The first thirty six hours of road trip fun is all about getting out of the West. In the West the states are wider, the mountains are taller, and the scenery is mostly dry and bare.. That means driving an RV though the often arid and barren lands takes longer.
I'm not complaining, I really like driving hundreds of miles through Arizonan and Californian deserts while staring at Yucca plants and rocks but who wouldn't love doing that?
In my travels I have learned it is best to travel through the most barren and ugly pieces of land when the sun is down (sleeping kids make driving through deserts much more enjoyable) therefore Day One of our trip entailed leaving San Diego at 8PM.
The kids did what I hoped and mostly slept through the night (I had to wake up the older boys to get the obligatory photo in front of the Arizona state sign). By the time they woke up and were ready for the day we were in the Petrified Forest and Painted Desert, Arizona. Painted desert is aptly named but the "petrified forest" should perhaps go by, "Sporadically Placed Pieces of Petrified Trees in the Desert National Park". I'm sure the name was considered but signage proved too costly.
God blessed us with a little rain and no heat so we were able to hike a few miles and actually enjoy the park before any other tourists showed up. The blue, purple, greenish, red, and brown rocks and sand are pretty cool and almost worth the 10 hour drive. The two younger boys completed their Junior Ranger guide and received badges for the park (apparently my oldest is now too old for that).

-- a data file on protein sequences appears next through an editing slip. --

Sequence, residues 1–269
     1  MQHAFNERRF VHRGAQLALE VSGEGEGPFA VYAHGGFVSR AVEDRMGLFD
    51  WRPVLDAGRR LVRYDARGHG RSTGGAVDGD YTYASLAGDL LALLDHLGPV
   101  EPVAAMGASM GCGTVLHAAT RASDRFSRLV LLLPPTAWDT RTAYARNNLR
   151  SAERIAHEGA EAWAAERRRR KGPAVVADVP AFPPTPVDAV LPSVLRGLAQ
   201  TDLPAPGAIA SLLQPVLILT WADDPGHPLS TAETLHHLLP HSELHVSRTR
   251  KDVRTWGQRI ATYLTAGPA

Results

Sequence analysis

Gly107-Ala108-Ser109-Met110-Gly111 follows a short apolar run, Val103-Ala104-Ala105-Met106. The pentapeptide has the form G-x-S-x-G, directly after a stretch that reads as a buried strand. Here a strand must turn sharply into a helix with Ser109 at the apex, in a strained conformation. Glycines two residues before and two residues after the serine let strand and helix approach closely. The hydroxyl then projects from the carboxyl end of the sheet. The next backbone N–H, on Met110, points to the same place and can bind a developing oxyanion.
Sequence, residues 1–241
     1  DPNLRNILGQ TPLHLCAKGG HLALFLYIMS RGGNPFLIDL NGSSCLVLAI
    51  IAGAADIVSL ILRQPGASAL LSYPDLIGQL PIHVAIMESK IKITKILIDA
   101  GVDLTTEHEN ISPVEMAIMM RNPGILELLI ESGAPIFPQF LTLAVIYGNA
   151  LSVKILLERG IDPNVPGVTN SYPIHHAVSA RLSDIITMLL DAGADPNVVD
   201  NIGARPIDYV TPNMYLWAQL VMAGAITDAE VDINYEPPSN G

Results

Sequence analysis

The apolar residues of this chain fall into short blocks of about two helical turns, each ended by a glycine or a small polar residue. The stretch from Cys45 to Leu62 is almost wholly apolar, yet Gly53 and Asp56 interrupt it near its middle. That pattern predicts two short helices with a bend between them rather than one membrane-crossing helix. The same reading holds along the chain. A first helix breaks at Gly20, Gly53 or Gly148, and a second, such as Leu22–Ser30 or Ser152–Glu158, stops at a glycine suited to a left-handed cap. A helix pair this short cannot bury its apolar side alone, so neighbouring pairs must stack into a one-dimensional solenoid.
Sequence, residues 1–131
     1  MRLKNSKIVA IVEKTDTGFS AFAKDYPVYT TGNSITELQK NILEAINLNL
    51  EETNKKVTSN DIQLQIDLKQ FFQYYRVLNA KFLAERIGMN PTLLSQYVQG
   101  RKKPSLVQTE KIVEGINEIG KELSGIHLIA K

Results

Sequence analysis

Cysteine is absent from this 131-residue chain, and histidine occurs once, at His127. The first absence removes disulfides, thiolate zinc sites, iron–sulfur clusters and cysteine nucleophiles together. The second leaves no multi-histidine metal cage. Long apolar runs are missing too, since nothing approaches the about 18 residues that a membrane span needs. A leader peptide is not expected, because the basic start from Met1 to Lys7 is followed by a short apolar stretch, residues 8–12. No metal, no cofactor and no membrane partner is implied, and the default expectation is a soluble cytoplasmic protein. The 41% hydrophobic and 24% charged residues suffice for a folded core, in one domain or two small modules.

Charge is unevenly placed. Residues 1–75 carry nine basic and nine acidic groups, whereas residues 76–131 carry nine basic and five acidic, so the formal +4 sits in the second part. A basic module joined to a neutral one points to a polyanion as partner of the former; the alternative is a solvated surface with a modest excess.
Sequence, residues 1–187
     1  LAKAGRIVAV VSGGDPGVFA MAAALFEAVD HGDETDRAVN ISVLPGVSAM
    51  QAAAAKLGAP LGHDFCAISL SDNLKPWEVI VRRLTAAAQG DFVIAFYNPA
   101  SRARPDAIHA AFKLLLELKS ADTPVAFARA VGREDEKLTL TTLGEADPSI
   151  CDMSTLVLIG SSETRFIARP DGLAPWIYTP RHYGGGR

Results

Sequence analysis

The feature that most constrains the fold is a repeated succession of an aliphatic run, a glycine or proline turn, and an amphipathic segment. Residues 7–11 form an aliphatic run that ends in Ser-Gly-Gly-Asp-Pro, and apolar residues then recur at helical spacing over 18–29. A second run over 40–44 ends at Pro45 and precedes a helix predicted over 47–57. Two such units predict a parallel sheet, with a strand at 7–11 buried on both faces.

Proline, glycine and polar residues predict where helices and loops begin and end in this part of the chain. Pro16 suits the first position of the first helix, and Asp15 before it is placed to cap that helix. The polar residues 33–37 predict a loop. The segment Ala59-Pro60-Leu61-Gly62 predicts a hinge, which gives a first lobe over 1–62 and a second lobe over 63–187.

We were told not to take anything from the park so when I bumped into a Ranger I tried not to look too awkward while talking and slowly and inconspicuously releasing handfuls of purple sand from my pockets. That distraction proved worthwhile while the boys loaded a 100 pound petrified tree limb into the RV. (It didn't happen quite like that but the youngest did leave with pockets full of rocks. Judging from the view while driving the last 10 hours, the desert will survive with slightly fewer stones.)
The rest of the day entailed driving through New Mexico and served to confirm my two previous experiences in this state; 1. This state contains beautiful scenery and picturesque views and, 2.Albaquerque basically sucks for people under 25 years old.
By nightfall we checked into a roadside motel in Amarillo and despite providing all pertinent information prior to check in, the young man at reception graciously introduced us to Texan speed and efficiency.
1161 miles and 24 hours into the trip and all is well. We are thankful for good beginnings.... And for getting out of the West.